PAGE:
CBC Digital Archives CBC butterfly logo

CBC Archives has a new look: Please go to cbc.ca/archives to access the new site.

The page you are looking at will not be updated.

Is Mackenzie King the best PM in history?

The Story

Mackenzie King is Canada's greatest prime minister ever - at least according to the 1999 book Prime Ministers: Ranking Canada's Leaders by historians Jack Granatstein and Norman Hillmer. But in this clip from CBC Radio's Talking Books, all three panellists would beg to differ. Lawyer T. Sher Singh, writer/broadcaster Bill Roe and Senator Pat Carney all seem prefer John A. Macdonald or Wilfrid Laurier. They believe Mackenzie King had too many flaws to be ranked #1. The three panellists cite a wide range of King's shortcomings. These run the gamut from his participation in séances and his tendency to delay decision-making, to his bad breath and cold demeanour. And when Roe calls King "a bit of a bigot," Singh respond with a laugh: "A bit?" Singh then derides King for the way he dealt with Jewish, Italian, Japanese and Indian immigrants.

Medium: Radio
Program: Talking Books
Broadcast Date: July 2, 2000
Guest(s): Pat Carney, Bill Roe, T. Sher Singh
Host: Ian Brown
Duration: 6:59

Did You know?

• Jack Granatstein and Norman Hilmer first published their ranked list of prime ministers in Maclean's magazine in 1997. Their book Prime Ministers: Ranking Canada's Leaders was then published in 1999. The rankings were compiled with the input of 25 leading Canadian historians.
• The top three prime ministers in the ranking were: 1) William Lyon Mackenzie King; 2) Sir John A. Macdonald; and 3) Sir Wilfrid Laurier.
• The bottom three were John Turner, Sir Mackenzie Bowell and Kim Campbell.

• The reasons for Mackenzie King being chosen as #1 included:
• his masterful finessing of the conscription question, which helped Canada avoid a potentially destructive crisis in unity
• his contribution to asserting Canada's autonomy as a country within the Commonwealth
• his implementation of social programs -- old age pensions, unemployment insurance and family allowances -- that would be the foundation of Canada's social safety net

• Granatstein and Hillmer addressed King's personality quirks, but said that enough time has passed that people can now judge him on his performance as Canada's longest-serving leader. "King the man remains as difficult to like as ever, but his political leadership skills, his brilliant decisiveness in a crises, and his vision of an independent Canada command admiration. No one can rule a nation as disparate as Canada for so long without talents of a high order, and King's place at last is being properly recognized."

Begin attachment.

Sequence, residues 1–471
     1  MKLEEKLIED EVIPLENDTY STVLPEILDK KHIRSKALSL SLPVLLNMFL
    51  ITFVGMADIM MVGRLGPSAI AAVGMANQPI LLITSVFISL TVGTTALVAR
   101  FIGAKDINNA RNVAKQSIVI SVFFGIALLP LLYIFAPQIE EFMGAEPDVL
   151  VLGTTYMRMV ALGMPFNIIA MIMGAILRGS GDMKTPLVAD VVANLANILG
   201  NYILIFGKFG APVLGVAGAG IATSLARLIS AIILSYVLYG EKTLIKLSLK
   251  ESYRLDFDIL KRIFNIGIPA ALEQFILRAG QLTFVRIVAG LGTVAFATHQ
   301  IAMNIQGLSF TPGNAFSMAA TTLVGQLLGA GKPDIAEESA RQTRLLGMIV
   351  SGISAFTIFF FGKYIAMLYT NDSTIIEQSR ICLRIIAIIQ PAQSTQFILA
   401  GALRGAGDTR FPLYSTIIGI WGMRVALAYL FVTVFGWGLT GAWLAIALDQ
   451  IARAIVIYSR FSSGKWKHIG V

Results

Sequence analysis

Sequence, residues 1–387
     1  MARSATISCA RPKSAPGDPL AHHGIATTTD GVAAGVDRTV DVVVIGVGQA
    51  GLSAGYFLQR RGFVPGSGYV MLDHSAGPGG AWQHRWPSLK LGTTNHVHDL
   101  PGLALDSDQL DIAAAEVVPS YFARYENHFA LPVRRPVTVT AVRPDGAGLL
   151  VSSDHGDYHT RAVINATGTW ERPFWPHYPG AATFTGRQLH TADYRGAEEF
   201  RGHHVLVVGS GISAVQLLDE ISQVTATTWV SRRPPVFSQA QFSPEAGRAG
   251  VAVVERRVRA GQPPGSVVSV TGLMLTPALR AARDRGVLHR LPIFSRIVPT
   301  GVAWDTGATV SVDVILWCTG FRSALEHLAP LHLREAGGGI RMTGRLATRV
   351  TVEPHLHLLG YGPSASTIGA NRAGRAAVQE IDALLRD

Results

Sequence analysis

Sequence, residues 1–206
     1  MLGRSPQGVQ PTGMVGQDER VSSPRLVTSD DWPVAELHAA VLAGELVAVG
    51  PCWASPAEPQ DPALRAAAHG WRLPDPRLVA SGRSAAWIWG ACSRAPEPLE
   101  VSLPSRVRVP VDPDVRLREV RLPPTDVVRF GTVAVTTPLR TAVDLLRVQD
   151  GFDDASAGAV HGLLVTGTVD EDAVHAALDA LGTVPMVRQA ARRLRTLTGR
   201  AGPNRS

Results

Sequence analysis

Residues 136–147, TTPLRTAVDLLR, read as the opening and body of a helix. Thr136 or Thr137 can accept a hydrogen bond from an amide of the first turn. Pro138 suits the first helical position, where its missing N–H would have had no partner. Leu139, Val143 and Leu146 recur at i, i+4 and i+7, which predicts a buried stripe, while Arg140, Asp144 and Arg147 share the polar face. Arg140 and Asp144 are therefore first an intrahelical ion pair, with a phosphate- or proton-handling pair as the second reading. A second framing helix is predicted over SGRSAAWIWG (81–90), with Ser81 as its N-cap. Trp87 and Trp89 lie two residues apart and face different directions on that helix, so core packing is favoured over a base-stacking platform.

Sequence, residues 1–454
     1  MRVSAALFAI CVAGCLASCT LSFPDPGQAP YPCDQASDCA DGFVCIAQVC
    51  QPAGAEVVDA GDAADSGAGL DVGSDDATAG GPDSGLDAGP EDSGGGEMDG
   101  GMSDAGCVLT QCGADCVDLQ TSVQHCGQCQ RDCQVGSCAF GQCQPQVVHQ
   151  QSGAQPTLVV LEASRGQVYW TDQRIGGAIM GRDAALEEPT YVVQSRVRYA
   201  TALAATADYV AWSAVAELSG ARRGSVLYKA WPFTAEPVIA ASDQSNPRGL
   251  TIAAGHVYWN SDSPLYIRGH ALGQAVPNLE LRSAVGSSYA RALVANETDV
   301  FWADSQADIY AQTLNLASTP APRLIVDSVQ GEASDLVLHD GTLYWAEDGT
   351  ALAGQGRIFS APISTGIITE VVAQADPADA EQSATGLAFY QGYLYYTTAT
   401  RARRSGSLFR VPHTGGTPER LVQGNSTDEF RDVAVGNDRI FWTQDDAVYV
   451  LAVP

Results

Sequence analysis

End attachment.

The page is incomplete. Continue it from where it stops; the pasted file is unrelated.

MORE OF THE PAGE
• As T. Sher Singh and Bill Roe pointed out, King's immigration policies often revealed racist attitudes (many of which were quite common to Canadians at the time). Some of this was related to his interest in keeping labour relations conflict-free. During his early years in the Department of Labour, for example, he discouraged Japanese, Chinese and Indian immigration to Canada on the grounds that bringing in cheap "foreign" labour would add to industrial conflict.

• Based on King's findings, the "continuous journey regulation" was added to the Immigration Act in 1908. This regulation meant that all potential immigrants had to travel to Canada by "continuous passage" from their country of origin (or citizenship) on a through-ticket purchased in their home country. Since no shipping company provided direct service from India to Canada, this was nothing more than a thinly veiled way to ban all Indian immigration to Canada.

• King has also been heavily criticized for his unwillingness to accept Jewish refugees into Canada in the years leading up to and during the Second World War. Once again, this appeared to come from a mix of racist attitudes and a fear of disturbing Canada's internal stability. "My own feeling is that there is nothing to be gained by creating an internal problem in an effort to meet an international one," King wrote in a 1938 diary entry on the topic.

• At the prospect of admitting Jewish refugees, King also wrote in his diary in 1938: "We must nevertheless seek to keep this part of the Continent free from unrest and from too great an intermixture of foreign strains of blood, as much the same thing as lies at the basis of the Oriental problem. I fear we would have riots if we agreed to a policy that admitted numbers of Jews."

• After Canada declared war on Italy during the Second World War in 1940, King interned hundreds of Italian Canadians who were classified as "enemy aliens." Later, in a much more sweeping application of the War Measures Act, King's government interned approximately 22,000 Japanese Canadians after Japan bombed Pearl Harbor in the United States in 1941.


Mackenzie King: Public Life, Private Man more